Additionally, in much of South America, the Moon will actually pass right in front of Jupiter, hiding it from view.
The pair is already very close together at sunset. The time of their closest approach on the evening of January 21st depends on your location; it's around 7 p.m. in the Pacific time zone, 8:30 p.m. Mountain, 10 p.m. Central, and 11:30 p.m. Eastern time.
Although the Moon and Jupiter look close together, they're definitely not. The Moon is 1.3 light-seconds (250,000 miles) distant from Earth. Jupiter is 1,700 times farther away in the background, at a distance of 37 light-minutes.
Nevertheless, the pair makes for an amazing sight to the unaided eye, through binoculars, or through a small, wide-field telescope at magnification of 40x or lower.
"You'll also get an opportunity to attempt an unusual feat: spotting Jupiter in the late afternoon, before the Sun sets," Tony Flanders, associate editor at Sky and Telescope magazine, said.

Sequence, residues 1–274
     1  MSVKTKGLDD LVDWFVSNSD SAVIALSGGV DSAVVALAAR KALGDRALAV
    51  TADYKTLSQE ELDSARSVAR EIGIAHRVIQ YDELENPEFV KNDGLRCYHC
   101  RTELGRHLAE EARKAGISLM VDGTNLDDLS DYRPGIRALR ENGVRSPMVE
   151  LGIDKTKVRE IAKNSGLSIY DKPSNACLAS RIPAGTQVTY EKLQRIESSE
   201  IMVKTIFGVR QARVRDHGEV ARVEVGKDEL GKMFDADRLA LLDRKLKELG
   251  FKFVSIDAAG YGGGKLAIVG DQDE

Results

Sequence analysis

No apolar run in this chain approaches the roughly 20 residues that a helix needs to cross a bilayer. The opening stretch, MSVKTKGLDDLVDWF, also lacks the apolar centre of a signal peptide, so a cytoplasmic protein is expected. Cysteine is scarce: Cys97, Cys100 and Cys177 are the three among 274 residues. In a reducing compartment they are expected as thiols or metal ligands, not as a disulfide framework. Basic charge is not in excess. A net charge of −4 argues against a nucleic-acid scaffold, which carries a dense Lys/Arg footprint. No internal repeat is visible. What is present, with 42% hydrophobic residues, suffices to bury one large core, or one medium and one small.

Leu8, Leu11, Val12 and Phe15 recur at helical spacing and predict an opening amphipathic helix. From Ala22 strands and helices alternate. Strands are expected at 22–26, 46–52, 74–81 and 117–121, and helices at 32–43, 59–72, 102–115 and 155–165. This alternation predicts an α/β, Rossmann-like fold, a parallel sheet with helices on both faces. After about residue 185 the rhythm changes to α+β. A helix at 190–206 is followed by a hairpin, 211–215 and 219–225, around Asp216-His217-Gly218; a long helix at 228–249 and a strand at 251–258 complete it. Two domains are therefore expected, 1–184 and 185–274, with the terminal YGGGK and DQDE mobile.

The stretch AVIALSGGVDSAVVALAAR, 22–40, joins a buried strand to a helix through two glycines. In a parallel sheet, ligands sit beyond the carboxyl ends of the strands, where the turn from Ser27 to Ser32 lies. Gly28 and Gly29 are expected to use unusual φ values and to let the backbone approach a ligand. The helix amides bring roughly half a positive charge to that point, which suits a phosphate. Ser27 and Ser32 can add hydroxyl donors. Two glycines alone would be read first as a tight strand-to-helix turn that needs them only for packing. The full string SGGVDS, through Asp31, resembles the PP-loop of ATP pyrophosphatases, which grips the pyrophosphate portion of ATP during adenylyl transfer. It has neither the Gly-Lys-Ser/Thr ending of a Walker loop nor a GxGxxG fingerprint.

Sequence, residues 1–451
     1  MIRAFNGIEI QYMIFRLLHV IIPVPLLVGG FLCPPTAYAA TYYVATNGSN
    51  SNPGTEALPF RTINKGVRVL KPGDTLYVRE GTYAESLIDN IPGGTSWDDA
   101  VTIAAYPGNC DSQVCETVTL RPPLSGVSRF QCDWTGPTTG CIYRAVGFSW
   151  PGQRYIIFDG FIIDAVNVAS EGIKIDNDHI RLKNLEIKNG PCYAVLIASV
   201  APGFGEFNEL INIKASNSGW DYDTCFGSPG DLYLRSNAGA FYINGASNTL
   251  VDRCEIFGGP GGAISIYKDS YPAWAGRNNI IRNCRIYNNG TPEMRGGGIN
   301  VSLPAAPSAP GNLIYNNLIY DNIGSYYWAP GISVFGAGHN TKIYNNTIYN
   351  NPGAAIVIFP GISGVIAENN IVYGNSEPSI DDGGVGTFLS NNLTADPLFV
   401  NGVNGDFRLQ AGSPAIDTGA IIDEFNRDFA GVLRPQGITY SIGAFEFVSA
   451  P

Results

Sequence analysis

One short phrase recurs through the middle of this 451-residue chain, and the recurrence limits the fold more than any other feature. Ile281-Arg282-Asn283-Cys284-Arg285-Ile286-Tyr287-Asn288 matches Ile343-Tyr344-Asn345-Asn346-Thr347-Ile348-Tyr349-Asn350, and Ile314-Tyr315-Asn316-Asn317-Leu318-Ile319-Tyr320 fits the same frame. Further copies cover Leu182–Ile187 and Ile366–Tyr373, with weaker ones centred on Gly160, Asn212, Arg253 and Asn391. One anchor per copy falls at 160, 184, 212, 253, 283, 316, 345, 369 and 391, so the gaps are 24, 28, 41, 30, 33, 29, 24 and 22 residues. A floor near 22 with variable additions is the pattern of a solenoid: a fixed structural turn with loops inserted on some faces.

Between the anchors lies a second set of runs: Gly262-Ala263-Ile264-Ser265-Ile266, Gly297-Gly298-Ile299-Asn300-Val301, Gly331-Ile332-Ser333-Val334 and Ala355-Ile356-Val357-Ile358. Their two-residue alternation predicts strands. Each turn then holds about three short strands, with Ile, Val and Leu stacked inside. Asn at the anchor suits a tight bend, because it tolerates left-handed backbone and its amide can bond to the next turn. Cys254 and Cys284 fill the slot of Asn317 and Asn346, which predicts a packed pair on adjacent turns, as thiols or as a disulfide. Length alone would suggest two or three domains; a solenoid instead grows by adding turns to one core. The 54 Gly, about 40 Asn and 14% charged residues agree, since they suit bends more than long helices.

"First locate the Moon medium-high in the east; then look a few Moon-widths left or lower left of the Moon for Jupiter. It should be easy to spot with binoculars if the air is clear," Flanders said.
Telescope owners have a couple of additional treats. Jupiter's Great Red Spot is visible roughly from 9:00 to 10:40 p.m. EST (6:00 to 7:40 PST). And Jupiter's moon Europa crosses in front of the planet from 8:13 to 10:37 p.m. EST (5:13 to 7:37 p.m. PST).
Europa is well camouflaged against Jupiter's bright disk, but it should be easier to spot Europa's tiny black shadow crossing Jupiter from 10:22 p.m. to 12:46 a.m. EST (7:22 to 9:46 p.m. PST).
As icing on the cake, the bright orange star Aldebaran shines to the lower left of Jupiter and the Moon. "Binoculars show that the entire event takes place on the outskirts of the Hyades, the closest true star cluster to Earth," says Sky and Telescope senior editor Alan MacRobert.
"The lovely Pleiades cluster lies nearby," he added.